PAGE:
https://www.istockphoto.com/photo/man-with-a-tan-beanie-and-red-scarf-trying-to-warm-up-gm142527503-17874723

Snakebite
http://www.nejm.org/doi/full/10.1056/NEJMra013477
https://www.omicsonline.org/open-access/pathophysiological-and-pharmacological-effects-of-snake-venom-components-molecular-targets-2161-0495.1000-190.php?aid=25709
http://www.umich.edu/~elements/fogler&gurmen/html/web_mod/cobra/avenom.htm
https://www.istockphoto.com/photo/venomous-snake-bites-mans-finger-gm939901378-256963981
https://www.istockphoto.com/photo/isolated-diamondback-rattlesnake-gm91032724-5881298

Jellyfish
https://www.britannica.com/science/nematocyst#ref1013437
http://www.mdpi.com/2072-6651/9/3/105/htm?xid=PS_smithsonian
https://www.smithsonianmag.com/travel/how-fix-jellyfish-sting-180963582/
https://www.smithsonianmag.com/science-nature/whats-behind-that-jellyfish-sting-2844876/
https://www.ncbi.nlm.nih.gov/pmc/articles/PMC4728541/
https://www.nytimes.com/2007/08/14/health/14real.html
https://www.ncbi.nlm.nih.gov/pmc/articles/PMC3773479/
https://en.wikipedia.org/wiki/File:Moon_jellyfish_at_Gota_Sagher.JPG
https://www.istockphoto.com/photo/stingers-gm172300393-3544362

Thumbnail:
https://www.istockphoto.com/photo/caveman-gm157533887-11308958

3 Ways Humans Have Literally Put Themselves Into Art

Artists are notorious for pouring their heart and soul into their work, but historically, they also put some of their literal body parts into it as well!

Hosted by: Olivia Gordon

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Sources:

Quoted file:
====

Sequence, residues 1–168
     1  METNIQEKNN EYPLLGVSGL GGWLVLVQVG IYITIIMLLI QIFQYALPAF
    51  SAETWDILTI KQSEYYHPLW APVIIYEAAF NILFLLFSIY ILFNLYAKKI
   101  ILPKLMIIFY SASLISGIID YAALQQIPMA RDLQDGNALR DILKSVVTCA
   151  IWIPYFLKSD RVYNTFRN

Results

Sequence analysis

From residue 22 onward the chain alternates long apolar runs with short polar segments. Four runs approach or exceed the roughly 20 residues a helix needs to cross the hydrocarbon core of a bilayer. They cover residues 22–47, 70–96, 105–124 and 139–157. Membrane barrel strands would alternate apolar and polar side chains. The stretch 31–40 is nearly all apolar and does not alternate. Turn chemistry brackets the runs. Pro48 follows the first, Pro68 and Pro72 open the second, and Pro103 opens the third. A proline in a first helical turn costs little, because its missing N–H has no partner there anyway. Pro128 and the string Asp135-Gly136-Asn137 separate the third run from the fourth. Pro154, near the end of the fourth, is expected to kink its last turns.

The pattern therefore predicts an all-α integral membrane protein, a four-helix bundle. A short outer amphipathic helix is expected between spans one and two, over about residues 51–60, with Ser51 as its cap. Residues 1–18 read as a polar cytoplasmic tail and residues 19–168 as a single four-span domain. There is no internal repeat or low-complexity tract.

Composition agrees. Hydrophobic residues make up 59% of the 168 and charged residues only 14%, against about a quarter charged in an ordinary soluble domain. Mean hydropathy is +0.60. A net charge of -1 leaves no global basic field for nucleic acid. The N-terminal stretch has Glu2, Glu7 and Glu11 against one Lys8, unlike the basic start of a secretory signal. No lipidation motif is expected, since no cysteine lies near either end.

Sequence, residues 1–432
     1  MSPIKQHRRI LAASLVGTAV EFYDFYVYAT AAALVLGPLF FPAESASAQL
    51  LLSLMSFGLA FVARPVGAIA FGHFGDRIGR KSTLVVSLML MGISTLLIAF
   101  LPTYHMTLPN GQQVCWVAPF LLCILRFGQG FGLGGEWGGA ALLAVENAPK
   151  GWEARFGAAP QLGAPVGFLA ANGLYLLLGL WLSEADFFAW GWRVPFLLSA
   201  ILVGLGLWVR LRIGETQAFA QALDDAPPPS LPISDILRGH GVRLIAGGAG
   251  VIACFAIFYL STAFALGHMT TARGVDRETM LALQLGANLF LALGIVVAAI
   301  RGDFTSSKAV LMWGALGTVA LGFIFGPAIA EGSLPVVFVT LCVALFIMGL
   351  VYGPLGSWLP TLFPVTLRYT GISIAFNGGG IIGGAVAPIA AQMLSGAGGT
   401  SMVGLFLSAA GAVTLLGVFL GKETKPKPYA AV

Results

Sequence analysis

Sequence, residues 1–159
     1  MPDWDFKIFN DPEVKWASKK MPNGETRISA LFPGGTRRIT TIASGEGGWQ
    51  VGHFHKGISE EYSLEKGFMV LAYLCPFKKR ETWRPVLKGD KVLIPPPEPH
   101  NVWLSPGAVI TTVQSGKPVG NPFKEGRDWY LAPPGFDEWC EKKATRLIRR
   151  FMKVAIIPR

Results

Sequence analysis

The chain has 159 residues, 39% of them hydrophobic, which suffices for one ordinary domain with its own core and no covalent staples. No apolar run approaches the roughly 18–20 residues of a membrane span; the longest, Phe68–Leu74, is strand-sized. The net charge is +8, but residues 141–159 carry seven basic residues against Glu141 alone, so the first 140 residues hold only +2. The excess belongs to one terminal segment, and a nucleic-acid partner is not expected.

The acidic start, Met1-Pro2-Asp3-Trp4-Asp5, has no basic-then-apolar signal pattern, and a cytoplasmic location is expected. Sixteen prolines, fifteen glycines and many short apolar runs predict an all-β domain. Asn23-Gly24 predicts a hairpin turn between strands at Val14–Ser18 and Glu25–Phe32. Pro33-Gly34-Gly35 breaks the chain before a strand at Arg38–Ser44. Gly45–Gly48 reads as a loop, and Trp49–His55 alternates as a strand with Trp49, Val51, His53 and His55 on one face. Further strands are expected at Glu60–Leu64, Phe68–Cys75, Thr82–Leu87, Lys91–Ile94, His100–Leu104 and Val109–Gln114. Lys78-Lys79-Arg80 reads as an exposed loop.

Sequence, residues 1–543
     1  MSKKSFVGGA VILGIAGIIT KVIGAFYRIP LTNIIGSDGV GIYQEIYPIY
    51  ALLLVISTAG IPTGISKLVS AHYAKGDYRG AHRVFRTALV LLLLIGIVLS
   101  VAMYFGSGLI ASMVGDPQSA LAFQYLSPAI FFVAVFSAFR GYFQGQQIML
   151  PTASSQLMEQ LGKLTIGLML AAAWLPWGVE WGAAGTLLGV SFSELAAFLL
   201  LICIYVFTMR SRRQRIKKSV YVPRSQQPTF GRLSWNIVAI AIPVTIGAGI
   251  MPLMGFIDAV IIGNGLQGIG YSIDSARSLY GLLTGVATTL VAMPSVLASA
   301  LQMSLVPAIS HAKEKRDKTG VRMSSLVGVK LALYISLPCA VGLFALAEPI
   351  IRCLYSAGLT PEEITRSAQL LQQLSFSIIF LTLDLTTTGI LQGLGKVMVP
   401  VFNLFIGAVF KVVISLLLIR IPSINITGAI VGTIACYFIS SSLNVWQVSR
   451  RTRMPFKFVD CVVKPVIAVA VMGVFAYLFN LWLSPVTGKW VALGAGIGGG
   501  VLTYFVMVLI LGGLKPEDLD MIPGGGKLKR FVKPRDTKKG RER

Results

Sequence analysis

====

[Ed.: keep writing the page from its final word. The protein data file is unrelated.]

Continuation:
https://www.britannica.com/art/illuminated-manuscript
http://d-scholarship.pitt.edu/11954/1/a-baker-04-pigments.pdf
http://web.ceu.hu/medstud/manual/MMM/frame18.html
https://books.google.com/books?id=yFS_Fulva8IC&printsec=frontcover&dq=Materials,+Methods,+and+Masterpieces+of+Medieval+Art&hl=en&sa=X&ved=0ahUKEwjx68rjj_fZAhUC-2MKHdkpB40Q6AEIKDAA#v=onepage&q=ear%20wax&f=false

https://www.theguardian.com/artanddesign/gallery/2017/jun/13/from-crushed-bugs-to-cow-urine-the-history-of-colours-in-pictures
https://www.researchgate.net/profile/Regina_Keijzer/publication/271200741_Searching_for_blue_Experiments_with_woad_fermentation_vats_and_an_explanation_of_the_colours_through_dye_analysis/links/54c0d6d60cf21674ce9ff5e8/Searching-for-blue-Experiments-with-woad-fermentation-vats-and-an-explanation-of-the-colours-through-dye-analysis.pdf
https://www.nature.com/news/1998/981126/full/news981126-7.html
https://www.smithsonianmag.com/science-nature/from-gunpowder-to-teeth-whitener-the-science-behind-historic-uses-of-urine-442390/

https://blogs.scientificamerican.com/symbiartic/pinch-of-pigment-mummy-brown/
https://news.nationalgeographic.com/2016/09/mummy-art-painting-delacroix-pigment-ancient-Egypt/
http://www.theconservationcenter.com/article/2015/11/16/pigment-of-the-month-mummy-brown
http://www.artinsociety.com/the-life-and-death-of-mummy-brown.html